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Aluminum shipments slow as caution reigns

Keywords: Tags  Metals Service Center Institute, MSCI, shipments, inventories, United States, Canada, aerospace, defense chemical

CHICAGO — Aluminum product shipments from service centers in the United States and Canada fell in February compared to the same month last year, leaving market participants debating whether the pullback represents a short-term blip or something more.

U.S. service centers shipped 114,300 tons of aluminum products last month, down 9.4 percent from the 126,100 tons shipped in January and off 12.1 percent from the 130,000 tons shipped in February 2012, according to Metals Service Center Institute (MSCI) data. The U.S. industry has shipped 240,400 tons of aluminum in the first two months of 2013, off 8.8 percent compared with the same period last year.

Domestic inventories, meanwhile, slipped to 363,100 tons, or 3.2 months’ supply at current shipping rates, vs. 366,400 tons (2.9 months’ supply) in January and 374,700 tons (2.9 months’ supply) in February 2012.

Canadian distributors shipped 11,900 tons of aluminum products in February, down 12.5 percent from the 13,600 tons shipped in January and off 11.9 percent compared with the 13,500 tons shipped in February 2012. Inventories in Canada at the end of last month totaled 38,200 tons (3.2 months’ supply), down 6.1 percent from 40,700 tons (3 months’ supply) in January but up 9.8 percent from 34,800 tons (2.6 months’ supply) in February 2012, the data show.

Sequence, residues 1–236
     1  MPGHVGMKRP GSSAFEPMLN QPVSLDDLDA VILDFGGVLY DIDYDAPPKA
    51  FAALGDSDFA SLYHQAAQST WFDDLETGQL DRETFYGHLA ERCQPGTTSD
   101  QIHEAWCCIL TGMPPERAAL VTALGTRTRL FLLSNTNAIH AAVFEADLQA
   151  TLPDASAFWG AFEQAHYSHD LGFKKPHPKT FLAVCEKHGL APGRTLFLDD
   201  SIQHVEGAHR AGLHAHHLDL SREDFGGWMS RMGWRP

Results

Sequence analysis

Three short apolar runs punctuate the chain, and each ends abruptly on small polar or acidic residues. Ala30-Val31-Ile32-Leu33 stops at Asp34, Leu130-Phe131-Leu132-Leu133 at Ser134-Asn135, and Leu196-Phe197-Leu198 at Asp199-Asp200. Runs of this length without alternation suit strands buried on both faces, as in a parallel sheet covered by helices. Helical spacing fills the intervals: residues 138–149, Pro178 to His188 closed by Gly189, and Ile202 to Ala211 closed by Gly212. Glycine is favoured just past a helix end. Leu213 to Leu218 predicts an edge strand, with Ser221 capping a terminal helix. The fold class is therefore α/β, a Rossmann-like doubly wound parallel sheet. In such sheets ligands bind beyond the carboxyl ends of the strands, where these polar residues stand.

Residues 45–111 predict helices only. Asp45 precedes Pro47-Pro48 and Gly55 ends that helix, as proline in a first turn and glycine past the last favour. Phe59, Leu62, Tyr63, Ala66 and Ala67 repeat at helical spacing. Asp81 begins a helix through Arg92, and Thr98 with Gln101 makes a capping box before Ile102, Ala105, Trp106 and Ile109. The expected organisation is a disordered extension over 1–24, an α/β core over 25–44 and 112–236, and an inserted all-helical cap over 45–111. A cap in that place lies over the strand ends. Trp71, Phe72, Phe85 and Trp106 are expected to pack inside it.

Market sources generally agreed that the decline in total inventories resulted from a combination of continued conservative buying patterns and a push by the industry to reduce inventories and turn them as often as possible, particularly given continued uncertainty in Washington. 
“Everyone is holding their breath to see what is going to happen with the markets and sequestration,” one aluminum distributor said.

A second distributor said his firm is seeing a “mixed bag” of business depending on the sector. “The leading indicator is that the order receipts are down and inventories are trailing, so clearly there is a correction taking place,” he said. 

The secondary distribution business, for example, has “gotten flat to soft,” the second source said. “People are buying what they need. No one is buying against a potential price increase or shortage,” he said.

But any inventory correction is likely a short-term one, especially with strong demand from such sectors as commercial and private aerospace, areas in which business is expected to continue to be solid through 2014 and beyond, the second distributor said. Chemical, petrochemical and value-added fabrication markets are also doing well, he said.

While the market may be experiencing a “momentary pause” and may not surge back as quickly as previously expected in 2013, the year should still see a steady uptick in business, the second distributor predicted, ticking off other positive factors, such as customers paying on time more often in 2013 than in recent years.

Additionally, the impact of sequestration should not be overstated, the second distributor said. “Even with sequestration ... this market compared to what it was 12 to 15 years ago is way better,” he said, contending that some companies may be looking to see a return to business levels experienced in the lead-up to and during the height of the wars in Afghanistan and Iraq.

“That wasn’t sustainable, and you can’t compare anything to that (period). That’s like comparing a cage match to boxing,” the second distributor said.

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